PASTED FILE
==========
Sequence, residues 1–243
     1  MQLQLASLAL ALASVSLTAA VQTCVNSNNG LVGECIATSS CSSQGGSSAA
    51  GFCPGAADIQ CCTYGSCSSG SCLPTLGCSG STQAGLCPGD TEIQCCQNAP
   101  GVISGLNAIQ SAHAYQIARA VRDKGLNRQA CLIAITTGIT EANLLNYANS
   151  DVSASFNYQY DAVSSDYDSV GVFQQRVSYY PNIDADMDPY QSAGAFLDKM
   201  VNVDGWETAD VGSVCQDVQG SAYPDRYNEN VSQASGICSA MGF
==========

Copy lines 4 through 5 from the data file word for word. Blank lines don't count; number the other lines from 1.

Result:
   101  GVISGLNAIQ SAHAYQIARA VRDKGLNRQA CLIAITTGIT EANLLNYANS
   151  DVSASFNYQY DAVSSDYDSV GVFQQRVSYY PNIDADMDPY QSAGAFLDKM